Keeping History Alive on Mercer Island  

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Mercer Island Historical Society

Founded 1954

Keeping History Alive on Mercer Island

A Washington State Non-profit Charitable organization with 501(c)(3) status.

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In Honor of Women's History Month:
Recognizing Mercer Island Women
Who Have Made an Impact

Mercer Island High School and Stanford graduate, Jean Enersen was the first female local news anchor in the country.

She started her career as a reporter at KPIX-TV in San Francisco, returning to Seattle in 1968 for a job in the KING newsroom. She was one of only two women and has since recounted experiences of sexism from male coworkers.

After four years in the newsroom, Enersen became the first female local news anchor in the country in 1972. Even Dorothy Bullitt, the first woman to own a television station, was unsure how women would be received by audiences. Women, who had previously been limited to roles as clerical workers, "weather girls," and occasionally field reporters, slowly began to fill local anchor chairs.

Jean Enersen was the first local TV journalist to report from China in 1979, after the U.S. established diplomatic relations. In 1988, she was the first journalist to report from the USSR, appearing for both KING-TV and a Soviet morning show.

After 42 years, Jean Enersen retired as a news anchor in 2014, and from KING in 2016.

Virginia " Ginny" Barto married Tom Barto, a classmate at Leschi Elementary School, in 1947. Seeking a rural atmosphere, they moved to Mercer Island which was considered the countryside. The road to their house, East Mercer Way, was gravel.

In 1960, when Island incorporation became an issue, Ginny, always an activist, wrote to the Mercer Island Reporter (she later became the editor)..."There exists an apparent and too wide-spread apathy about local problems...Island residents need to cast a vote either on the side of purposeful, intelligent INVOLVEMENT, or on the side of political indifference and APATHY. What price the irrevocably lost potential of this unique bit of land?" On July 5,1960 the residents voted to incorporate.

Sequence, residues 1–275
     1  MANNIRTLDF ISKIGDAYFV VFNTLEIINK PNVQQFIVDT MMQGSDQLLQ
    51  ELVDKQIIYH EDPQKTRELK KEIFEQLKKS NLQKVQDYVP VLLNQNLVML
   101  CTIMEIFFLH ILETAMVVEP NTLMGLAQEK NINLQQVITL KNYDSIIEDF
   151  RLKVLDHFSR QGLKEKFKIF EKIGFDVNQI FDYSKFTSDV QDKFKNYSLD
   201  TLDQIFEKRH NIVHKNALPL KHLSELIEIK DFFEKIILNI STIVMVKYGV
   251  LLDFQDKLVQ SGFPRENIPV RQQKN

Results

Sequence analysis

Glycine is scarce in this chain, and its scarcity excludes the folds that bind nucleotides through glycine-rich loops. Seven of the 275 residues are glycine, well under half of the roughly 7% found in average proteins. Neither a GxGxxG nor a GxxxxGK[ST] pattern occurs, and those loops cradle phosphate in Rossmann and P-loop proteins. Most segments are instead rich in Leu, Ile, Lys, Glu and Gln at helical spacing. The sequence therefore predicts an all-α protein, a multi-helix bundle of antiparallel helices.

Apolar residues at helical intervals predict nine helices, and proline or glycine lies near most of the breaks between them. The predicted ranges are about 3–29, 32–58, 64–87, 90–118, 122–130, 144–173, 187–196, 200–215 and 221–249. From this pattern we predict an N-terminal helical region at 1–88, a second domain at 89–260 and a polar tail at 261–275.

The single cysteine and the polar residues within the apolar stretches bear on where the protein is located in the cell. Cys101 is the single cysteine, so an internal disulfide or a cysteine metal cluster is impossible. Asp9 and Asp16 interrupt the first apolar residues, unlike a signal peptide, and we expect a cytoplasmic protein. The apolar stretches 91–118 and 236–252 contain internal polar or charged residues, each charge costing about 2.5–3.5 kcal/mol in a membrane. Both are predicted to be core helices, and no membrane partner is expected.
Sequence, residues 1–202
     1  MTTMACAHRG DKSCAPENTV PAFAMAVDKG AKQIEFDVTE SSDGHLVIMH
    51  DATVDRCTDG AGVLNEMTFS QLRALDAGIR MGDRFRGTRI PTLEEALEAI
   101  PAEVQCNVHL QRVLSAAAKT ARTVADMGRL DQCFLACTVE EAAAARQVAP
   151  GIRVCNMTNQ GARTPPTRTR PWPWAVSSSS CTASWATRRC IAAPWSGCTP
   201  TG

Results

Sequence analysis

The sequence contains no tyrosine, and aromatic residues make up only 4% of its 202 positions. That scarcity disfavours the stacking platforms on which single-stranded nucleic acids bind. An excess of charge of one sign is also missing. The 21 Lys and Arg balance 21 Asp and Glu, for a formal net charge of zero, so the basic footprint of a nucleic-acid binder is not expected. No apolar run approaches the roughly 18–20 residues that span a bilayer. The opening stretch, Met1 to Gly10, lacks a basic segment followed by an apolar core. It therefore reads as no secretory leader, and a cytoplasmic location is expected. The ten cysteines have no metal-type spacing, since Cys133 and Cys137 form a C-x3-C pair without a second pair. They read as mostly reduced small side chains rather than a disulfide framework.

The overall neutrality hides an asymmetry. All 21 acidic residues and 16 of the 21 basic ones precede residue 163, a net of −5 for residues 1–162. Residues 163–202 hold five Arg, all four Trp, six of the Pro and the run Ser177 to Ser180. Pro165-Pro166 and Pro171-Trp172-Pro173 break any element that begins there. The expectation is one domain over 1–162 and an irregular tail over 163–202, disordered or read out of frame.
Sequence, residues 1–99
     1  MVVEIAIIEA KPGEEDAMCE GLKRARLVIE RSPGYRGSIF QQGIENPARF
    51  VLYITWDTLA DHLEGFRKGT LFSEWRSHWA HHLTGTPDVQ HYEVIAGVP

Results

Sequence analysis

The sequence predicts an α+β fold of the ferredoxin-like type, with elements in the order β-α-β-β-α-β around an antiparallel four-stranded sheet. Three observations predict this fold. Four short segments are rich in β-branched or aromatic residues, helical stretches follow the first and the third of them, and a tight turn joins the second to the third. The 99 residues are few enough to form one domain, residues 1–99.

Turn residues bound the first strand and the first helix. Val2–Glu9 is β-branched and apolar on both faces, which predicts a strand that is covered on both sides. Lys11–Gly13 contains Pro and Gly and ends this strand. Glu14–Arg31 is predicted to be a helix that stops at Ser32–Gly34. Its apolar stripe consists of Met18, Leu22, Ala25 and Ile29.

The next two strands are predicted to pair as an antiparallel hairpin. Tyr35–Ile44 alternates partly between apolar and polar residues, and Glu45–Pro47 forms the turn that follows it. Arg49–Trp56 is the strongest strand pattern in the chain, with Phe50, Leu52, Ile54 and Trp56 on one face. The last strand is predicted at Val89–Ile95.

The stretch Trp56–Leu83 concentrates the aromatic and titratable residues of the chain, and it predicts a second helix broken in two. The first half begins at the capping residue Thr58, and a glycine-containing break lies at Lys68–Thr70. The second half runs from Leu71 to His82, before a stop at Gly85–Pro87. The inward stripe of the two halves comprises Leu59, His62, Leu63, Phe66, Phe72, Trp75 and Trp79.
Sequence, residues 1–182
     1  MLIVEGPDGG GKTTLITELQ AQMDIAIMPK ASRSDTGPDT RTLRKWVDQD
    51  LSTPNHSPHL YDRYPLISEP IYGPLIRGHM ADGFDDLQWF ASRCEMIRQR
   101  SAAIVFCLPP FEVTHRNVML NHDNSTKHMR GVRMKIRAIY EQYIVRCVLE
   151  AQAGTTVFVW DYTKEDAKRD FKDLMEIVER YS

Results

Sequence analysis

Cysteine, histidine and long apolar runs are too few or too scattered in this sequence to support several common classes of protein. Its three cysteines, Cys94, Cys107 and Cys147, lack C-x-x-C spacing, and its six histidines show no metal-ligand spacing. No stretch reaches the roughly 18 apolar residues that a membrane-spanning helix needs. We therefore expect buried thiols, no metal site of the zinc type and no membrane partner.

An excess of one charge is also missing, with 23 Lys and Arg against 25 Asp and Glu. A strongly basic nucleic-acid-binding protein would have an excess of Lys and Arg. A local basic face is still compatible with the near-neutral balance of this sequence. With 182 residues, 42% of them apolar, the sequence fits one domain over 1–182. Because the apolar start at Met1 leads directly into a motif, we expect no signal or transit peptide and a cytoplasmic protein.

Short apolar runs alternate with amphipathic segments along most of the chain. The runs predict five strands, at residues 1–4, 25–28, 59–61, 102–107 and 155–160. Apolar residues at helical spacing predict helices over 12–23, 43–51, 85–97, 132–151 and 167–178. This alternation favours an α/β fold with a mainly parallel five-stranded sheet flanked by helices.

Later in the year, when the Reporter was struggling financially, Ginny and two men pooled their finances and bought the newspaper. Both men had “careers,” so the job of running the newspaper and being editor fell to Ginny, who “only” had five children and a husband who also had a career and was on the new City Council. Ginny was the first woman editor of the Reporter. In 1963 the Reporter ...continued

Luther Burbank School for Boys
aka Boys Parental School

Article by Jane Meyer Brahm
Images courtesy of the Rand family

Boys' Drill In Front of the Admin Building
(Click for larger image)

If you walked around Luther Burbank on an afternoon in the 1930s or ‘40s, it would have been abuzz with activity. Morning classes were over and lunch had been delivered by heated wagons from the dormitories (cottages) where over 100 boys lived and ate.

Then the boys would be off to their various jobs on the working farm — weeding the vegetable gardens, moving hay, milking cows, feeding chickens, slopping the pigs, tending the orchards, picking grapes, tree fruit or berries, etc. Those who showed proficiency at the farm skills might get to go to the horse barn to tend the horses, and even take a ride.

It was a typical day at the Luther Burbank School for Boys (formerly the Boys Parental School), a residential facility run by the Seattle School District to handle boys committed there by the Juvenile Court of King County. The name had been changed to avoid the stigma of a “parental school” and to honor the memory of the noted horticulturalist.

Its longtime director, Willis Rand, added the farming component to the curriculum of the school, believing that it helped city kids learn about nature and farm work. “That connection with the realities of life and the pleasant associations with farm life had the effect of making boys think differently about their lives,” said Ted Rand, Willis’ son, who grew up at Luther Burbank.

The Parental School opened in 1905 serving, ...continued

"History at your fingertips!"

Thanks to community donations, we have digitized 26 years' worth of the Mercer Island Reporter, accessible for free on-line -- at The years currently digitized--and key-word searchable--are: 1968-1985, 1994, 1995, 1997-2000, 2004, and 2005.

A special thank you to the donors who've contributed to our digitization project thus far: Cyclemates Bike, the Kiwanis Club of Mercer Island, the Mercer Island Rotary Club and the Mercer Island Community Fund. We welcome individuals' donations on our "Donate" page.